Scott commented on my last post, noting that his blog focused on honoring respectable men runs against the prevailing culture:
So far, the response has been positive but with the caveat that speaks to what Damn Crackers is alluding to. What I do is make a post, then I share it on FB and tag the dad. Generally, I get comments from that dads friends (who are usually not my friends. My FB friend list is VERY small, on purpose) and the comments are characterized by “a well deserved tribute” followed by other statements related to how “hes not like all those deadbeats out there.”
It is basically inconceivable to the average person that I am honoring fatherhood–as fatherhood. (Even though it is expressly written in the about page).
It will take a miracle for this to change.
The irony is this reflexive tendency to denigrate men comes not from a sincere fear of a shortage of good men, but from a sense of extreme and everlasting abundance. It wouldn’t take a miracle to change this attitude, it would take an actual fear of a shortage of good men.
What is confusing is the words people are using all denote a fear of a shortage of good men. But if you look at the attitude that accompanies these missives, you will see that the overwhelming sentiment is one of abundance, of being in a position to nitpick, and select the very cream of the crop. Take for example the fathers who responded on Instapundit to Tony Katz’s claim that there is a severe shortage of real men. Commenter President Friedman concurred with Katz’s assessment, based on his own observation of the men in his teenage daughter’s cohort:
Out of the entire group her age, there are a few young men I’d be proud to call son-in-laws: Athletic, smart, industrious, curious about how things work, courteous, a little mischievous, but with a good moral compass. Maybe 5% of the boys in her age group fit this description.
So I don’t find very many young men suitable for my daughter…
…which I supposed puts my sentiments about the current crop of young men in the exact same ballpark as every father-of-a-daughter who ever lived.
Commenter Scottie agreed with this sentiment, replying:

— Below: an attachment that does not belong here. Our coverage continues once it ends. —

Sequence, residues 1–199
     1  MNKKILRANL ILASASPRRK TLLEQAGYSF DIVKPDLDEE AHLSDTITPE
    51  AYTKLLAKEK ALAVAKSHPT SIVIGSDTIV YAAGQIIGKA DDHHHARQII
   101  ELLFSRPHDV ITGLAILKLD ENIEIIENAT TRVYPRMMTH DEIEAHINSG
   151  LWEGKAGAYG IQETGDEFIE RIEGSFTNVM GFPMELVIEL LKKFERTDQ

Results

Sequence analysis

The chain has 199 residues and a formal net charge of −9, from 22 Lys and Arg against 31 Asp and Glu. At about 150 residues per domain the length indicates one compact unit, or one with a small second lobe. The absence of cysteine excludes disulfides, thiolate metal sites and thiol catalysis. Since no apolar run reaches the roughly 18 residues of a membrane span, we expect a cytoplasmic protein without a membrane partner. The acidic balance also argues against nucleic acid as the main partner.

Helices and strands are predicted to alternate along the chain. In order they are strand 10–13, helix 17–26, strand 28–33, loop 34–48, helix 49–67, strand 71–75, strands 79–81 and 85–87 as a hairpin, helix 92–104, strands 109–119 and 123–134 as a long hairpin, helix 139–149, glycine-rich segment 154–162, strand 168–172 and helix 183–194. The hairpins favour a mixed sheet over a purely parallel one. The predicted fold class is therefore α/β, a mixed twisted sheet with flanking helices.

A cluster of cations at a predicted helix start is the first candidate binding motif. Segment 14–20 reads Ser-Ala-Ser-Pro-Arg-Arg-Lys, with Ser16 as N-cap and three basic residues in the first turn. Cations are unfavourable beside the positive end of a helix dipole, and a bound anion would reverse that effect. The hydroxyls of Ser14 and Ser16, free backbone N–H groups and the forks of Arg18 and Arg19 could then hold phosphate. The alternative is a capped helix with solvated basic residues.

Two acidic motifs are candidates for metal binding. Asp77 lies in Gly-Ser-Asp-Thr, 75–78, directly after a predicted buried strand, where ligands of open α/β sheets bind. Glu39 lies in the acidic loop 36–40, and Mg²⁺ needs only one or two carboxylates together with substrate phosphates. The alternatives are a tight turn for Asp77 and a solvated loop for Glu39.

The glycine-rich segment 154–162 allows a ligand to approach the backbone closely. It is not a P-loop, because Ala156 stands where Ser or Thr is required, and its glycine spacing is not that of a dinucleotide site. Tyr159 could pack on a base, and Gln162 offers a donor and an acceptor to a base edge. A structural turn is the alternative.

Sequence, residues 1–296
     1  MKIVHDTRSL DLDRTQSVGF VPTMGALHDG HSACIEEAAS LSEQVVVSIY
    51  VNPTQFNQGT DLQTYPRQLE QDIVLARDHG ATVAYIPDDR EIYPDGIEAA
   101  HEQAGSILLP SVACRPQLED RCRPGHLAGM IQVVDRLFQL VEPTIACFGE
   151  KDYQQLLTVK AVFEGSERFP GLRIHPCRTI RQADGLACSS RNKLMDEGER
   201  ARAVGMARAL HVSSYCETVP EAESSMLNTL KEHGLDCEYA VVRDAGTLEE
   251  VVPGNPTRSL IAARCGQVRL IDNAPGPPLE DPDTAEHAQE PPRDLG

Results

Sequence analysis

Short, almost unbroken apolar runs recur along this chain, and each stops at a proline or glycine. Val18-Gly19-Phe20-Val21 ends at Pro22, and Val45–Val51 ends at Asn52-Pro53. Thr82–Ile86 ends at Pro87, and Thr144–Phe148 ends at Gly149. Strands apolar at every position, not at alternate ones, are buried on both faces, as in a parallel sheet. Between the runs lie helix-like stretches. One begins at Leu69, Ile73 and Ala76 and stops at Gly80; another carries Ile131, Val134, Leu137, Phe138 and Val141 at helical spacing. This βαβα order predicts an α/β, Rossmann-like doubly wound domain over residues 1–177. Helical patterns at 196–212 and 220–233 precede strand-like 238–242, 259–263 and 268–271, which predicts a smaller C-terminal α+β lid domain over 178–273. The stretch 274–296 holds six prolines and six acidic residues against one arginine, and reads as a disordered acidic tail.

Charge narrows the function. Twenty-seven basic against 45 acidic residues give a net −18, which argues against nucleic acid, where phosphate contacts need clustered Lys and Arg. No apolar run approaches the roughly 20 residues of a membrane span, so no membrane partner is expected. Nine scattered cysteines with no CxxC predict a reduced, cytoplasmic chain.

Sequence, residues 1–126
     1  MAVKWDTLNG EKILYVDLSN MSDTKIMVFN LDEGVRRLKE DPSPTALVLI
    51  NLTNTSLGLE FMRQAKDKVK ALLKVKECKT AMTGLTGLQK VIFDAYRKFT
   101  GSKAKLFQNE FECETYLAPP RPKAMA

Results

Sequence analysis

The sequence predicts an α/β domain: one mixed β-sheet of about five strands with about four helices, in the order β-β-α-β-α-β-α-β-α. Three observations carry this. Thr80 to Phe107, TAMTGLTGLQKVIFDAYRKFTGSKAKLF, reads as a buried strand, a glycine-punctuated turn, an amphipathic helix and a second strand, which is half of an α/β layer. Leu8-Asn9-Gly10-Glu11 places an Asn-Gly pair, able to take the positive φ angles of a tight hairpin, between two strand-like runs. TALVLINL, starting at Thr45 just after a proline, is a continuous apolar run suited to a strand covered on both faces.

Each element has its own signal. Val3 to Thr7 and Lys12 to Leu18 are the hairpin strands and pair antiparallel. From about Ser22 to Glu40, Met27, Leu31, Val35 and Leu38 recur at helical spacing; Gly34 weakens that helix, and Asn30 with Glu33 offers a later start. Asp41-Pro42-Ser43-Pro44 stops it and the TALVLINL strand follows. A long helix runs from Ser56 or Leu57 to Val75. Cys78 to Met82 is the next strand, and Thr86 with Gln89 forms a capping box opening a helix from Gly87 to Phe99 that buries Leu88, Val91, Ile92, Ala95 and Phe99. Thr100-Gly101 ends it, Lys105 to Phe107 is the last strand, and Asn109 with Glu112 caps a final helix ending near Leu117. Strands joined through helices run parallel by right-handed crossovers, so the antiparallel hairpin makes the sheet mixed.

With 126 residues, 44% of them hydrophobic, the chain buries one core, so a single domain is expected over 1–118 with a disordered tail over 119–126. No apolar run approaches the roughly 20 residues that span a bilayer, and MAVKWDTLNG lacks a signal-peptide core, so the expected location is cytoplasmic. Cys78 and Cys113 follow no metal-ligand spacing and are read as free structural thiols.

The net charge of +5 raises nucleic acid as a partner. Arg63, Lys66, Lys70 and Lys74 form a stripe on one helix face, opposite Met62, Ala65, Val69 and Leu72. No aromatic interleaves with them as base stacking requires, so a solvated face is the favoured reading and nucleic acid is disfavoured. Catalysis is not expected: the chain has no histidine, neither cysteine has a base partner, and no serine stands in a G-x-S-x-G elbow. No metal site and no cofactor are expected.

Yep, as a father myself, I share your sentiment. Just be sure to raise a daughter worthy of one of those top five percent, dad. I think that’s the key. I know any man my daughter chooses has run a much harder gauntlet than any I would offer him.
The words are complaining about an acute shortage of suitable husbands for their daughters, but the sentiment is that only the very best of the top 5% can hope to win their daughters’ hands in marriage. Part of the reason we don’t notice this mismatch is we struggle to conceive of a situation where there really is a shortage of good men. In such a scenario, we would be focused on helping young women out compete their peers to be worthy of the very few good men available. We also wouldn’t be focused on the best of the top 5%, worrying if they would be able to win our daughter’s hearts. We would be encouraging our daughters to be realistic about their own MMV positions, and focusing on the true bare bones list of must have qualities in a future son in law. But we know we don’t have to do this, because good men are plentiful. They may represent a smaller percentage of young men today than in the past, but whatever shrinkage this might represent isn’t enough to cause us any true alarm.
We can see the same pattern in Dr. John Piper’s recent post Why Are Women More Eager Missionaries?* Piper explains that missionary work has become a pink ghetto:
…the actual situation among most evangelical faith missions is that between 80–85% of all single missionaries are women. It is a rare thing, like two out of every ten, for a single man to make missions his life’s vocation, which results in the overall statistics being that one-third of those in evangelical world missions are married men, one-third are married women, and 80 percent of the last third are single women. Which means that something just less than two-thirds of the total missionary force are women.
Piper’s main concern with the post however is not that there aren’t enough single men doing missionary work, but that women who choose this field aren’t marrying as they would like. Piper complains that the problem for husband hunting missionary women is really an exacerbated version of the same problem all Christian women have, and that is an overall lack of marriageable Christian men:
Among Christian men who do not get married, say, in their 20s and 30s, they are probably held back from that relationship of marriage by — here are my opinions — a sense of inadequacy that they could be a spiritual leader or a fear that they might be rejected as they pursue a relationship or a lack of purpose in life that would give support and meaning in a marriage relationship. Any of those hindrances to forming a long-term commitment of marriage would also explain why he may have a sense of inadequacy about missions or a fear about missions or a lack of purpose about missions.